I want to pass on to other contractors my experience with online purchases so they can avoid the same problems I experienced. I needed a Steamist SM-4 steam generator for replacement in a customer's house. The local supply house told me that model was no longer available, but I went online through Amazon and found it. I ordered it, but then was notified that, in fact, it was no longer available. Because I was already online, I went ahead and purchased the SM-5. It was delivered, but then the customer postponed the job because they were away. They didn't come back for a few months.
When we went to do the replacement, we found out the steam generator sent to us was 208 volts instead of 240 volts, which we needed in a residential house. When I contacted the online vendor I was informed that we could not return it because the distributor they had purchased it from would not accept the return. So I got stuck with a steam generator I will never use, which cost more than $1,000.
If I had purchased this product through the local supply house (Simons in Fall River), they would've worked with me and arranged for a return. I would have gladly paid a restocking fee. This is the traditional supply chain we have depended upon for years, but when we bypass it we take risks that are not necessarily obvious upfront.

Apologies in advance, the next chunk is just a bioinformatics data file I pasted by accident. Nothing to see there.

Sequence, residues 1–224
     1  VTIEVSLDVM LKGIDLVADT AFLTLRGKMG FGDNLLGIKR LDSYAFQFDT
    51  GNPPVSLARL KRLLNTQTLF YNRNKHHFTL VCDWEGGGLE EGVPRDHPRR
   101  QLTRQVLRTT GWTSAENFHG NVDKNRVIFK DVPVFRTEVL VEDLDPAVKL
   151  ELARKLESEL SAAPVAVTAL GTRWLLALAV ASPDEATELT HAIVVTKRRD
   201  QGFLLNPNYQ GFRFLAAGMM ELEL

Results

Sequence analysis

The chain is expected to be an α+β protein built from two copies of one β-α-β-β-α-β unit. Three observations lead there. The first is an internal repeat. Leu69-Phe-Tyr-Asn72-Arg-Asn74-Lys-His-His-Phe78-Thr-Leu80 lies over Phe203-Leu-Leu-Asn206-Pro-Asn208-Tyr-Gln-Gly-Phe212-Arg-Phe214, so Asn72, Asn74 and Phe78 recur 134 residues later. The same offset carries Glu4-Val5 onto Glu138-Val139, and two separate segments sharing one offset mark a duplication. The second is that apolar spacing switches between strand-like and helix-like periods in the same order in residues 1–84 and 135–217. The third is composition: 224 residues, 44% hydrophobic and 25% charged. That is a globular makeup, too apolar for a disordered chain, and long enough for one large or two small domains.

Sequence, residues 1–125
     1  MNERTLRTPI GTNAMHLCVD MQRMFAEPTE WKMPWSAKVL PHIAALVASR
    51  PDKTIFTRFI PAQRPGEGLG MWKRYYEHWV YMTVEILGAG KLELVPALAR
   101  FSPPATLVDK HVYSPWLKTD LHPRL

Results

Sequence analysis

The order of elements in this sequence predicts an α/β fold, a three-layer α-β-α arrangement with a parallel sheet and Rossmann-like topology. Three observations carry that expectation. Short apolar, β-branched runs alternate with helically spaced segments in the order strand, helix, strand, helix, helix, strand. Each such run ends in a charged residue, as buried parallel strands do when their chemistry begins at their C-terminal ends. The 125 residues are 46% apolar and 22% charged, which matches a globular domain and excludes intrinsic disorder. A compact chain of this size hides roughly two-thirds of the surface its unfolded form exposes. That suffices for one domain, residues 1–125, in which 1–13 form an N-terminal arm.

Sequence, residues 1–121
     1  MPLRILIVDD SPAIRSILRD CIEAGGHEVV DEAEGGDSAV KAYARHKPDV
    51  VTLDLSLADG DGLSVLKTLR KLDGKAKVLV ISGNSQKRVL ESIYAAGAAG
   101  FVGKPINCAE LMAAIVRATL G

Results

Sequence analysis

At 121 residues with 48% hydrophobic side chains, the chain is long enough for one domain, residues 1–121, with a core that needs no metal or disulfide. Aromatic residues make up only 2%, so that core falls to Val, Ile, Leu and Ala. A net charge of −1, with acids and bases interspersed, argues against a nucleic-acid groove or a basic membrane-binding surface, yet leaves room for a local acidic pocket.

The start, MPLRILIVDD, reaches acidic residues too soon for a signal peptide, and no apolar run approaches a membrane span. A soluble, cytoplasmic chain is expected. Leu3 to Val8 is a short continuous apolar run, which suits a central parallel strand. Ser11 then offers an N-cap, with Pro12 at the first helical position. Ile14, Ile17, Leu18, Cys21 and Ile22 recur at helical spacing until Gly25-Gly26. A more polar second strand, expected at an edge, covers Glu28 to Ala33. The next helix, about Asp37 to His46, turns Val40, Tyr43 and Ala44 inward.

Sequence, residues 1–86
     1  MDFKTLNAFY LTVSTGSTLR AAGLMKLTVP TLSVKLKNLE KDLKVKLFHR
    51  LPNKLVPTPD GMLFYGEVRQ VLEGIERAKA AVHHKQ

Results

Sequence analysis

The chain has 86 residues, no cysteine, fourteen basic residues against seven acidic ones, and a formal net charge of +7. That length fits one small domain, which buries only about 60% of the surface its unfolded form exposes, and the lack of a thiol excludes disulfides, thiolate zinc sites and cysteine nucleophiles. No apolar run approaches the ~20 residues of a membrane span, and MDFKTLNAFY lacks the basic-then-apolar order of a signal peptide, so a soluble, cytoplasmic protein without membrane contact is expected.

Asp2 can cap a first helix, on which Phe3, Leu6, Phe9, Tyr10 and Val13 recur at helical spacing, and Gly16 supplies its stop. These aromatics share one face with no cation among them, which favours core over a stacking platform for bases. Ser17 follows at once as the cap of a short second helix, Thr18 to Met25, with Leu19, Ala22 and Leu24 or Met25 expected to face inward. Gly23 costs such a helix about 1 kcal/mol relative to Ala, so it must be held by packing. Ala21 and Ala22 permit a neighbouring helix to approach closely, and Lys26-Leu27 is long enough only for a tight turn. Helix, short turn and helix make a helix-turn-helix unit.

This lesson cost me $1,000, so I am offering it to my fellow contractors for free. However, if anyone needs a Steamist SM-5 steam generator…
Independent Plumbing & Heating
As usual, Jim Wheeler is ringing the bells of heaven with his article and I do agree with him. I am referring to page 64 of the just-received electronic issue of Supply House Times (May issue). But when it comes to reading line temperatures, wouldn’t reading them with an infrared thermometer work just as well as attaching a thermometer?
Simply shooting that beam onto any metal surface should tell us what the temp is, pronto. And if so, wouldn’t that save a lot of money at $2.00 per minute?
Mr. Wheeler, I agree with everything you write, but I wonder how you get superheat and subcooling values without knowing a pressure. Please let me know.
Jim Wheeler: Simply measure the temperature at the center of the coils to obtain saturation. However, you’re right. It’s probably easier to determine low-side saturation from taking a suction-pressure reading.